Bolton says Trump tied Ukraine funds to Biden inquiry, according to report
President Trump told his national security advisor he wanted to maintain a freeze on military assistance to Ukraine until it launched political investigations into his Democratic rivals, according to John Bolton’s description of their exchange in drafts of his forthcoming book, the New York Times reported Sunday.
The revelation challenges the defense offered by Trump and his attorneys in his Senate impeachment trial and raises the stakes as the chamber decided this week whether to seek sworn testimony from Bolton and other witnesses. Bolton, who acrimoniously left the White House a day before Trump ultimately released the Ukraine aid on Sept. 11, has already told lawmakers that he is willing to testify, despite the president’s order barring aides from cooperating in the investigation.
Democrats need at least four Republicans to vote with them to seek witness testimony. Those prospects looked unlikely in recent days and it’s unclear if the new revelations about Bolton’s book will sway any GOP senators.
Democrats quickly sought to ramp up the pressure on their Republican counterparts.
“John Bolton has the evidence,” tweeted Senate Minority Leader Chuck Schumer. “It’s up to four Senate Republicans to ensure that John Bolton, Mick Mulvaney, and the others with direct knowledge of President Trump’s actions testify in the Senate trial.”
The Associated Press has not confirmed the content of Bolton’s book. A person familiar with the matter told the AP the draft had been submitted to the White House for pre-publication review, which is standard for the work of former officials with security clearances. The person insisted on anonymity to discuss the sensitive subject.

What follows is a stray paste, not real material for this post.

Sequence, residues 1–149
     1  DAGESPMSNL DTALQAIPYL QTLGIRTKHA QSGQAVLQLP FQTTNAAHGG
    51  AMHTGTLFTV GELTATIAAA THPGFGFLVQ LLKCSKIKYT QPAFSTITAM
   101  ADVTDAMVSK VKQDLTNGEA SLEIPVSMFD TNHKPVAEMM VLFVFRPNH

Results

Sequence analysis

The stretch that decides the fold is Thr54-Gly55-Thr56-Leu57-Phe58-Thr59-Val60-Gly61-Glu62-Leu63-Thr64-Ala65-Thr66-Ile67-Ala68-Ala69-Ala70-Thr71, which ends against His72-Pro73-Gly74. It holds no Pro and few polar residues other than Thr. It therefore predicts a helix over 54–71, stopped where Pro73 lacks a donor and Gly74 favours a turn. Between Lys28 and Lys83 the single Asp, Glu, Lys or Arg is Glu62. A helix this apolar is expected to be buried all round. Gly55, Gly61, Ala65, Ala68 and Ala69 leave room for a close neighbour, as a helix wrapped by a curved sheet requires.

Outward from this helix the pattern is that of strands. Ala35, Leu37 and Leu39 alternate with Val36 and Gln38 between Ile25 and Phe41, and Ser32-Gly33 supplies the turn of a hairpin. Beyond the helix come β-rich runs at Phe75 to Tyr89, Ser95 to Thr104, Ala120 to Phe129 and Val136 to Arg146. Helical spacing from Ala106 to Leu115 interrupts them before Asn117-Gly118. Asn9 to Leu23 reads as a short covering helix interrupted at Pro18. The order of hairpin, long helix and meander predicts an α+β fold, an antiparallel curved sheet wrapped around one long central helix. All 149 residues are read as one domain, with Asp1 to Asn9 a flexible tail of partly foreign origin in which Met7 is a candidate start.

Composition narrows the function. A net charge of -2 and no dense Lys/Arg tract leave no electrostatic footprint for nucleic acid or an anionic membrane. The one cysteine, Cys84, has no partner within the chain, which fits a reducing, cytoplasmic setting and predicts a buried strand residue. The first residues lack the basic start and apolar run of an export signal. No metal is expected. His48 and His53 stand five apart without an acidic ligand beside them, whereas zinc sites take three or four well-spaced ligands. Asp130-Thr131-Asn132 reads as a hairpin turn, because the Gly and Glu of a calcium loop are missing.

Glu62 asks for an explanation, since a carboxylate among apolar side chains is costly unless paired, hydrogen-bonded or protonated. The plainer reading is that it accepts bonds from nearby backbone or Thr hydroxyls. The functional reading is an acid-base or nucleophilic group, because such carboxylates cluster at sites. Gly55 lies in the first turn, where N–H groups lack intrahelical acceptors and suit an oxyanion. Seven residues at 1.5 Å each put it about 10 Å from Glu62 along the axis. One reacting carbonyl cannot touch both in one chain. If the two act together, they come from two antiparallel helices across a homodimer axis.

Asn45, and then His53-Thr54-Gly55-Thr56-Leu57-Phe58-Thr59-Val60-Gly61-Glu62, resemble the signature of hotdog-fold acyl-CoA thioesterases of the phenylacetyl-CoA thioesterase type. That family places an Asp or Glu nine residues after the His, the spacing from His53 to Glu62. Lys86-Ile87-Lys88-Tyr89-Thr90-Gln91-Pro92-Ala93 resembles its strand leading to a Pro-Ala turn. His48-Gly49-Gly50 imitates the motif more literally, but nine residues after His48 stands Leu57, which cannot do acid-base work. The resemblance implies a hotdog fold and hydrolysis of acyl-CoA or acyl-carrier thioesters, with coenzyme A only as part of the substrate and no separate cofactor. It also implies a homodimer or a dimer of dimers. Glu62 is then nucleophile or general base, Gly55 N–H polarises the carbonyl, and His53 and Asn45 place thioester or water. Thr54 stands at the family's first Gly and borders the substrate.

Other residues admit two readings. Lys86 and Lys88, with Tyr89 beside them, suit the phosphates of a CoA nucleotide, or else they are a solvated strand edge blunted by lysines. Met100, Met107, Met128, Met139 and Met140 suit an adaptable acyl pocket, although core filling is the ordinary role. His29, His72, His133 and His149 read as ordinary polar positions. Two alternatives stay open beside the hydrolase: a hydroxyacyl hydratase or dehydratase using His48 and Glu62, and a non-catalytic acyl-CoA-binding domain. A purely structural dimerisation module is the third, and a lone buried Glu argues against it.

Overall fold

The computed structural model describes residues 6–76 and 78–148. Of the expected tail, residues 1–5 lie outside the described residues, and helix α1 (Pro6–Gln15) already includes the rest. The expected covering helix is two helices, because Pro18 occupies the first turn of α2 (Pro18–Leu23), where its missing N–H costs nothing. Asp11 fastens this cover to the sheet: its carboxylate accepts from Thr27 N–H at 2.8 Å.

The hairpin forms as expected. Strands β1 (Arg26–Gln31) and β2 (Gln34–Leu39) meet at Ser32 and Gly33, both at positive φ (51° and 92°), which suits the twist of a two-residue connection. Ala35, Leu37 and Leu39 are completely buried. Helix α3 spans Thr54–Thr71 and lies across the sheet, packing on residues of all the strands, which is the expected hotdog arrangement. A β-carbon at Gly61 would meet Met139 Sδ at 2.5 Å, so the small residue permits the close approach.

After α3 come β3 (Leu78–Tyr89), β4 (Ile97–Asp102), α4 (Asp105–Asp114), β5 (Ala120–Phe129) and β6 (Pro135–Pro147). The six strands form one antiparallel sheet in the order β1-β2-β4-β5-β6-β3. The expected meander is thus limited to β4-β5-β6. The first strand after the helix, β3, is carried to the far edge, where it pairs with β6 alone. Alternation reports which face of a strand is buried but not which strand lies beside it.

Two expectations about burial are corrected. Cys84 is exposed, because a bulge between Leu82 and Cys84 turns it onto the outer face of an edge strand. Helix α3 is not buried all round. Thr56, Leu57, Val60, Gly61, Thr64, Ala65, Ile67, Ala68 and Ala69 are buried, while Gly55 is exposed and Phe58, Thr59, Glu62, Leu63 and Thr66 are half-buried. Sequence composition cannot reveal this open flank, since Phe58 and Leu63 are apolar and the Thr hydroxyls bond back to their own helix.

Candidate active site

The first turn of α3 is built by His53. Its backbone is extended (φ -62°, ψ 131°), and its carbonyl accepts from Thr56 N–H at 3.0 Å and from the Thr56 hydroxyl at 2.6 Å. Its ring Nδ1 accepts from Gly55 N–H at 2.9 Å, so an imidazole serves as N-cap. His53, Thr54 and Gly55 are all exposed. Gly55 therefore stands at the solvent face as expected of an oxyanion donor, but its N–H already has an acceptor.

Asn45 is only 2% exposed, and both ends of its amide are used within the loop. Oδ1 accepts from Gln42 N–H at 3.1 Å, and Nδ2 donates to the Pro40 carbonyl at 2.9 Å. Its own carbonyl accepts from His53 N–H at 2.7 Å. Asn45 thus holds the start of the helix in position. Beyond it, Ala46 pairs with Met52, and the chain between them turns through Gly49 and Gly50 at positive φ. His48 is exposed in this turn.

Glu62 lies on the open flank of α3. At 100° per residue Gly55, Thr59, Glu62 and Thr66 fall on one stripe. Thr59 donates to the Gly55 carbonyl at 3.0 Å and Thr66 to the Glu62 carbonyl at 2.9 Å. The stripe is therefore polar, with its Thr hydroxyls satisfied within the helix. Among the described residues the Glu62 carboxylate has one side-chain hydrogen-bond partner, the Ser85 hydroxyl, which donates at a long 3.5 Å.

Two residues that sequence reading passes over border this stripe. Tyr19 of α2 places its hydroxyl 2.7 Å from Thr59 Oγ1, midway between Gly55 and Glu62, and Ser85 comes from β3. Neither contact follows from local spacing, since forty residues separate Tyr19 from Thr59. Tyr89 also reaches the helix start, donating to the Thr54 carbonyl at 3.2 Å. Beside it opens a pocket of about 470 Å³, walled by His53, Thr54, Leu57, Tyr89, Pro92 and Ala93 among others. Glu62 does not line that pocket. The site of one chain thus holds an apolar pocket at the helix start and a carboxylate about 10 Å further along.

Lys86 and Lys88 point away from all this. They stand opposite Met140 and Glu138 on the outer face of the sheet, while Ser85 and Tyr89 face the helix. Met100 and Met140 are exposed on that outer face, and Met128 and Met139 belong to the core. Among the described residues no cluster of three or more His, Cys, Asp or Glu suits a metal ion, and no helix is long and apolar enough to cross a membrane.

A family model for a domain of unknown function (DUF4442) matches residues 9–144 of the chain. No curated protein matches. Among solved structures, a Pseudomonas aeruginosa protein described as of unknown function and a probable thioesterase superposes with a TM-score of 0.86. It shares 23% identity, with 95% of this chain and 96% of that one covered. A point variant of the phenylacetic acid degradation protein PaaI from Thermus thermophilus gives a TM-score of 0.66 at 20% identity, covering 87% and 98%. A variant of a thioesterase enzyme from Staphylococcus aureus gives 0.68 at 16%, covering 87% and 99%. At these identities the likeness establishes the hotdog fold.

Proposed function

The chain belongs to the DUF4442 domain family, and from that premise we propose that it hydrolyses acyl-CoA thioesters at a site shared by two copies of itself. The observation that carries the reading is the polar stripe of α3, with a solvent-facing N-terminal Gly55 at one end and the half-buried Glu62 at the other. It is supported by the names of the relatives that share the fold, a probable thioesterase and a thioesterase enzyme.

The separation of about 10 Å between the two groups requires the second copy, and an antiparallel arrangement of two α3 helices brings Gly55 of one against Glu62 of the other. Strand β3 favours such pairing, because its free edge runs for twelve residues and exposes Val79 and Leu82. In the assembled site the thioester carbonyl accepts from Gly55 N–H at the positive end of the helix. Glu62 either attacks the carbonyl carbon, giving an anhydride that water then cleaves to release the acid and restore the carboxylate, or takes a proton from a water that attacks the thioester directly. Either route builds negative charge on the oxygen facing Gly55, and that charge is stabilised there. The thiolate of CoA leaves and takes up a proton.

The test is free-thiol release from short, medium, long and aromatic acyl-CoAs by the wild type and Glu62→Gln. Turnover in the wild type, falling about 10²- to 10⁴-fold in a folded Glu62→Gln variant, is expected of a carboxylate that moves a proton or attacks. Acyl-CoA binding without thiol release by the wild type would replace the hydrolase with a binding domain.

Democrats accuse Trump of abusing his power in withholding the military assistance to Ukraine to push that country to mount investigations into Democrats, including former Vice President Joe Biden and his son Hunter, who served on the board of a Ukraine gas company, Burisma, while his father was in office.
On Saturday, the president’s attorneys said during their opening day of defense arguments that there was no evidence that Trump made the military aid contingent on the country announcing an investigation into Biden.
Trump on Wednesday told reporters in Davos, Switzerland, that he didn’t want Bolton to testify before the Senate.
“The problem with John is it’s a national security problem,” Trump said. “He knows some of my thoughts. He knows what I think about leaders. What happens if he reveals what I think about a certain leader and it’s not very positive and then I have to deal on behalf of the country?”
He added: “It’s going to be very hard. It’s going to make the job very hard.”
Get our Essential Politics newsletter
The latest news, analysis and insights from our politics teams from Sacramento to D.C.
You may occasionally receive promotional content from the Los Angeles Times.